Without question, they’re known highly for their photo snapping capabilities. Let’s first talk about what’s in their gear. For the 1520, it’s packing a 20-megapixel PureView camera, which features a dual-LED flash, Zeiss lens, and an aperture of f2.4. In comparison, the 1020 continues to stand out for its intimidating set of hardware – a monstrous 41-megapixel PureView camera featuring a combination LED/Xenon flash, f2.2 aperture, and the larger sensor size. Fortunately, they both tack on optical image stabilization, backside illuminated sensors, and 1080p video recording at 24, 25, and 30 FPS.It’s worth mentioning that their camera apps are identical to one another – an interface that’s rich with manual controls for white balance, shutter speed, ISO, exposure, and focus. Best of all, the layout of their camera UIs mimic those that grace most digital cameras nowadays. Even though it looks as though they’re lacking in the shooting mode departments, we can resort to either using the wealth of Nokia branded photo snapping apps out there, or the handful of “lenses.”

Peering meticulously over their shots, we’ll admit it’s a close race with their lower-resolution 5-megapixel samples, seeing that the only noticeable difference is the subtle saturation in the 1020’s shots. Once we pay attention to their higher-resolution samples, the 19-megapixel ones from the 1520 and 39-megapixel snapshots from the 1020, there’s no mistaking the detail superiority of the 1020. The 1020 is able to catch more finer details that retain their crisp visuals – whereas, it looks more toned down and softer with the 1520. Don’t get us wrong, they both snap some amazing photos, but it’s just the detail might of the 1020 that stands out.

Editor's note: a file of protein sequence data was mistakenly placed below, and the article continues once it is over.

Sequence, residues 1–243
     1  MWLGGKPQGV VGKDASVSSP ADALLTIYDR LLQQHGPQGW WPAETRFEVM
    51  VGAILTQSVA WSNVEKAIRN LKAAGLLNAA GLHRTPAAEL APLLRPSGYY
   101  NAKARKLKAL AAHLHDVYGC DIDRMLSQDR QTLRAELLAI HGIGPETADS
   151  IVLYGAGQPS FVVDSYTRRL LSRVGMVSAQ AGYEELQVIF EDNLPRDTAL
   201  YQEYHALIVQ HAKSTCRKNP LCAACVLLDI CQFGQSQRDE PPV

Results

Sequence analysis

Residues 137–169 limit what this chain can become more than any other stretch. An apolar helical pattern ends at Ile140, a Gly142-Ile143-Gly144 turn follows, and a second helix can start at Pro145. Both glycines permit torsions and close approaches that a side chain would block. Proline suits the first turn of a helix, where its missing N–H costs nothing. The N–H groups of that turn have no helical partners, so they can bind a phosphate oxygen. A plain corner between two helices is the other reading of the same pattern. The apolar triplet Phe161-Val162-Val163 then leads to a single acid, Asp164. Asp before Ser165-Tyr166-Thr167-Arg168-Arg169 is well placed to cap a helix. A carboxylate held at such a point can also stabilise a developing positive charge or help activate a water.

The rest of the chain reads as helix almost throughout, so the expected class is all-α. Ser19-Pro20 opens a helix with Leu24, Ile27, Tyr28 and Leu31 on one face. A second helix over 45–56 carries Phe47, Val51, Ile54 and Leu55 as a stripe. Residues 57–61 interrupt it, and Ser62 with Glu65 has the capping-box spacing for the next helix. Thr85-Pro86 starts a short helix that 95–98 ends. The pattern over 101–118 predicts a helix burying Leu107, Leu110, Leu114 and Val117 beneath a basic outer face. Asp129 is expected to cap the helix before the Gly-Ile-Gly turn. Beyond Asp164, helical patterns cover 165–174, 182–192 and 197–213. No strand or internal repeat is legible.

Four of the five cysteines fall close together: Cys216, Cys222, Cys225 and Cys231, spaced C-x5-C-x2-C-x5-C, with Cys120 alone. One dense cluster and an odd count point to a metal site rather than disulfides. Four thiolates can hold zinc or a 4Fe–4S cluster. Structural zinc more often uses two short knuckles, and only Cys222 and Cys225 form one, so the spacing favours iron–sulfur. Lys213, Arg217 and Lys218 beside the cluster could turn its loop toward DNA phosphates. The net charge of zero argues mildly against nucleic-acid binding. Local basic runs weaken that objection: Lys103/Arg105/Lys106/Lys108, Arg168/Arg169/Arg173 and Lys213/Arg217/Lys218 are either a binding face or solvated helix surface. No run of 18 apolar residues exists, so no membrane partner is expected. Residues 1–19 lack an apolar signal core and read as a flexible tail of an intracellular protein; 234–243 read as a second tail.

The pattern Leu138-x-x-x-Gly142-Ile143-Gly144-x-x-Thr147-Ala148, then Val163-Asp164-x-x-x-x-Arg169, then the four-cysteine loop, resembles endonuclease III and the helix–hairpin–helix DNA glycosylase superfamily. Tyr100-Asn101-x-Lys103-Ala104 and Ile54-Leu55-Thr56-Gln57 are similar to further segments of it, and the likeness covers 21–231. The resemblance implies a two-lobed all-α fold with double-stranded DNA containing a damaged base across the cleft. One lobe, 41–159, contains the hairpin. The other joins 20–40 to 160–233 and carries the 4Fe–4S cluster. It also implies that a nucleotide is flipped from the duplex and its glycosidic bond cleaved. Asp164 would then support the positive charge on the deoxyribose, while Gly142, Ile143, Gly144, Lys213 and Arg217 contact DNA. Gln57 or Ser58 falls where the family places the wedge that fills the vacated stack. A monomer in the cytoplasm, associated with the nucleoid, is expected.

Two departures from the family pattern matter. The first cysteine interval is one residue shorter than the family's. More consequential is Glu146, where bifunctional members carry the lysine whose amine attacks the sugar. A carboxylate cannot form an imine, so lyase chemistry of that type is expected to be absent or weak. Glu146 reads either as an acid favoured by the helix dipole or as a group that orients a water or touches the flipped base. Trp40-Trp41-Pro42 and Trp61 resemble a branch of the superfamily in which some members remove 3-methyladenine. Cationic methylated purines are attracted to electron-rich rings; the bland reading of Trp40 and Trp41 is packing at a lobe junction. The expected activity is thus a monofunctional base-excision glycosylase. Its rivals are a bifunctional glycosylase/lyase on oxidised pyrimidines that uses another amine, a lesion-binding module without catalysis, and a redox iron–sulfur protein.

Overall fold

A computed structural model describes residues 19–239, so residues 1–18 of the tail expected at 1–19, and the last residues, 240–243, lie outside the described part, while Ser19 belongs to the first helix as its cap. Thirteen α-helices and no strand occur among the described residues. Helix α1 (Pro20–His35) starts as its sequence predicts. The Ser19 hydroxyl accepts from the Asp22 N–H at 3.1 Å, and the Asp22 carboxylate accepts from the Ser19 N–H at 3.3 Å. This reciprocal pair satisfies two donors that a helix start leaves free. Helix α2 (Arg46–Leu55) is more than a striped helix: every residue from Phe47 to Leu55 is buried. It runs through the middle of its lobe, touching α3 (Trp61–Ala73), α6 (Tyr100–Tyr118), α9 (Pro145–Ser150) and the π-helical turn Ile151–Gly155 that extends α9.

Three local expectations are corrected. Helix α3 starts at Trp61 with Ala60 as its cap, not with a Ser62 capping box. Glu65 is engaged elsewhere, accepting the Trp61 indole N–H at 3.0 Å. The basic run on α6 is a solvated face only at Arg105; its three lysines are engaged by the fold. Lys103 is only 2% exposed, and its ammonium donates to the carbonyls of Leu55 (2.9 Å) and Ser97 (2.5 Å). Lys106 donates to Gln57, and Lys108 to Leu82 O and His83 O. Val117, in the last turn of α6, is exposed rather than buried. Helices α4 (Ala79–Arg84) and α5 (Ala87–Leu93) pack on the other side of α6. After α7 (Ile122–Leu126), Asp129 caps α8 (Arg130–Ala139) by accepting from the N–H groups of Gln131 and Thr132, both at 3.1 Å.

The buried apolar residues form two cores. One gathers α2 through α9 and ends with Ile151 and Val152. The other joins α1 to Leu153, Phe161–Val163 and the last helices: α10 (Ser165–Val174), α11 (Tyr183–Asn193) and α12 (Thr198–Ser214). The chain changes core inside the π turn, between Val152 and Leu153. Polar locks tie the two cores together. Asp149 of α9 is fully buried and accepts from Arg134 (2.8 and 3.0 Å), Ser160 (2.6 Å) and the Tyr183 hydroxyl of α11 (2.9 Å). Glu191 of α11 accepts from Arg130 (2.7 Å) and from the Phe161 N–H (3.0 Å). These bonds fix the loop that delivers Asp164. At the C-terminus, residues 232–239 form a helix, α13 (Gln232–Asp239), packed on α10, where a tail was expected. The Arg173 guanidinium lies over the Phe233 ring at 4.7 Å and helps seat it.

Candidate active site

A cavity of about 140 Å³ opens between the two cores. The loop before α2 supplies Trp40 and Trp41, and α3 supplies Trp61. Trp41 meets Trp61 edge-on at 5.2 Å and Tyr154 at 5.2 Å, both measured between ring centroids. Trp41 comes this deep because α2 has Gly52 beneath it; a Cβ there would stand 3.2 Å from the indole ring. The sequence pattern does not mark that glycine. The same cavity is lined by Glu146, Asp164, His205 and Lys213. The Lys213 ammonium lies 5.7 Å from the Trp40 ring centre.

Under lower lighting situations, the 1020’s shots tend to be brighter – albeit, it comes at the expense of casting an inaccurate white balance. On the flip side, the 1520’s color reproduction is more accurate, but its shots are a smidgen darker in tone than its sibling, which could simply be due to nothing more than a shorter exposure time with the automatic setting. And finally, the combination LED/Xenon flash of the 1020 exudes the more potent flash over the dual-LED one in the 1520.

Indeed, it’s a close race in the still image quality department, where it’s merely the finer detail capture of the 1020 that’s most paramount, but when it comes to capture 1080p videos, it’s an easy win for the 1020. Out of everything, it’s just the stronger details and crisp visuals put out by the 1020 that undoubtedly catches our attention the most. It’s significantly more pleasing looking when compared to the 1520’s results, which tends to be more subdued with its details – giving it an overall “softer” look.


Accessing either the stock Windows Phone 8 music player, or the Nokia Music app, there’s nothing different with either device when it comes to playing music. Well, the audio quality is slightly different. Holding the two in our hands, the speaker in the 1020 sounds more potent, mainly because the speaker of the 1520 is facing the rear, which in turn loses some of its punch in the process. However, when they’re laid flat, the 1520’s volume output is able to match the 1020’s thanks to the amplified output from its rear speaker bouncing back audio from the ground surface.

Both are equipped at handling playing all sorts of high-definition videos, but when it comes to watching them, having the larger screen proves to be more ideal for the situation. Bearing that in mind, it’s no surprise why we gravitate towards the 1520 more – especially when its screen is so darn big in comparison to the 1020.

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